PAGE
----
Tuesday, March 18, 2008

Lets Learn About ASBOs!

Hi, kids! Do you know what an ASBO is? It stands for Anti-Social Behavior Order, and is used in the United Kingdom to put behavioral contracts into effect for people who have "committed acts causing or likely to cause harassment, alarm or distress."It is basically a contract the person signs, agreeing that they will not engage in certain behaviors. The prohibited behaviors are usually things that would lead to a criminal behavior. For instance, if a person had been known to break into cars and steal radios, the order would not say, "You are prohibited from breaking into cars and stealing radios." Instead, it might prohibit the person from carrying tools used to break into cars, or from getting within a certain distance of a car that he doesn't own. If the person breaks this contract, he can face criminal charges.
How does this apply to kids?
In the UK, a new program will require children with known behavior problems to sign ASBO's prohibiting them from certain problem behaviors. Again, the behaviors the young people would be required to avoid would not be behaviors that are against the law, but behaviors that could lead to the child breaking a law or doing something else disruptive that he's been known to do before. For instance, a child who has been known to shoplift may be prohibited from going into stores without a parent.
They would be given support from government case workers, in order to help them stay away from the behaviors.
If the young people didn't cooperate with the ASBOs, they, like their adult counterparts, would face criminal charges.
Children as young as five years old will be eligible to be handed ASBOs, although the authorities putting the program into effect expect mostly children ages ten and older to receive ASBOs.
The plan may later include collecting DNA samples from children as young as five years old who show signs of anti-social behavior. The DNA would be kept in a government database that already exists, consisting of DNA from people who have been arrested but never charged, as well as people who have been charged with crimes. When a criminal act is committed that involves DNA, authorities are able to search the DNA database to find matches. The children's DNA would now be included in those searches.
Some people say that this plan is a good one, and that it is meant to pinpoint children with behavior problems who aren't getting the right support and services from their families. It would force families to get help for the most troubled children.
On the other hand, many people feel that this plan could get out of hand. Would children who get into fights at school, or egg houses on Halloween, be given ASBOs and included in the DNA database?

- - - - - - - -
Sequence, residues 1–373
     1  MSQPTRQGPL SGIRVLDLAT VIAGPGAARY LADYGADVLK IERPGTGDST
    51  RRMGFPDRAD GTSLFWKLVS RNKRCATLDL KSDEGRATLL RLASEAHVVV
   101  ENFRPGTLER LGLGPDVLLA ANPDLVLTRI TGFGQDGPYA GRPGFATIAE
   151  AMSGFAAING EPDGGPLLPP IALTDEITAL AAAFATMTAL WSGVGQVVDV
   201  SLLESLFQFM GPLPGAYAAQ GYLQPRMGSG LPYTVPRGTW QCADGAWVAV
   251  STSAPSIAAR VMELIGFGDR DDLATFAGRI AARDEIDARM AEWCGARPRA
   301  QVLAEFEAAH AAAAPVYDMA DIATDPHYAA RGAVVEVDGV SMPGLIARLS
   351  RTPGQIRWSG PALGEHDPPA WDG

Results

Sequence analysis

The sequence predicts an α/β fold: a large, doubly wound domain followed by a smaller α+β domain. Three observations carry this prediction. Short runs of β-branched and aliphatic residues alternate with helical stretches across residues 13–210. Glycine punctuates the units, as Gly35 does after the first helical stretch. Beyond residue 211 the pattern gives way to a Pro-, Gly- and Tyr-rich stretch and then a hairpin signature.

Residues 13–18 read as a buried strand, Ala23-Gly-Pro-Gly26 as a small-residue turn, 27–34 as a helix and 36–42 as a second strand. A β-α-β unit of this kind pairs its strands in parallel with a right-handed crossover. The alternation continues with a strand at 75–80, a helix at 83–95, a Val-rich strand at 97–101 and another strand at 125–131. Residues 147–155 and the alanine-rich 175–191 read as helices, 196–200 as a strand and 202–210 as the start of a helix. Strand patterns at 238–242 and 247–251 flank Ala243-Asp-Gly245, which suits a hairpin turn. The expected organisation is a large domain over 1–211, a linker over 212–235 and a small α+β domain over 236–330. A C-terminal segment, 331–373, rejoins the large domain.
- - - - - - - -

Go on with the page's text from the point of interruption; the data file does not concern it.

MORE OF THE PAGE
The thing I don't like about this is that authorities describe it as targeting "the children who are most likely to fail as they grow older," and "the children who are possibly going to be the biggest threats to society."
In my mind, this is an extreme version of labeling children negatively! I think this plan could definitely become a huge burden to families with children with behavior and emotional disorders and certain other special needs. For instance, I used to work with an 11-year-old boy who had Bipolar disorder, autism, developmental delays, and Oppositional Defiancy. He was the sweetest little boy most of the time, but when he got out of control, he was really out of control! There were times when this little guy screamed outloud and ran away from me inside stores, knocked things off shelves, and tried to kick random people. When security guards tried to intervene, things easily got worse. My job was to take the boy out into public places as much as possible to try to get him to learn the rules of society, and the consequences of certain behaviors. Sure, I got punched in the stomach a few times, got scratched at and sworn at and kicked at. But it was all part of the boy's educational process.
If that boy lived in the UK, I can imagine that he might be included in this new policy. I can imagine him being asked to sign an ASBO saying that he had to stay out of certain stores, for instance, or stay out of places like Chuck E Cheese where there were younger children present. I can also imagine how his parents would feel if the government came to take some of that boy's DNA, explaining, "We're going to need this because, as your child grows older, he's probably going to be a major threat to society."
Kind of scary, isn't it?
I'd love to hear what readers think of this...

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